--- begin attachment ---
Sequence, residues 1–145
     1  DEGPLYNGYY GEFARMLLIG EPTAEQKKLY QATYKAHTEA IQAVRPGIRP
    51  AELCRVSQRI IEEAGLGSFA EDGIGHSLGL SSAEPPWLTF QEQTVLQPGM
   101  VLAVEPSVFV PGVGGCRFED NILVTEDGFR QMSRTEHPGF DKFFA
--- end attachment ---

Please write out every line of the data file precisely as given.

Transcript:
Sequence, residues 1–145
     1  DEGPLYNGYY GEFARMLLIG EPTAEQKKLY QATYKAHTEA IQAVRPGIRP
    51  AELCRVSQRI IEEAGLGSFA EDGIGHSLGL SSAEPPWLTF QEQTVLQPGM
   101  VLAVEPSVFV PGVGGCRFED NILVTEDGFR QMSRTEHPGF DKFFA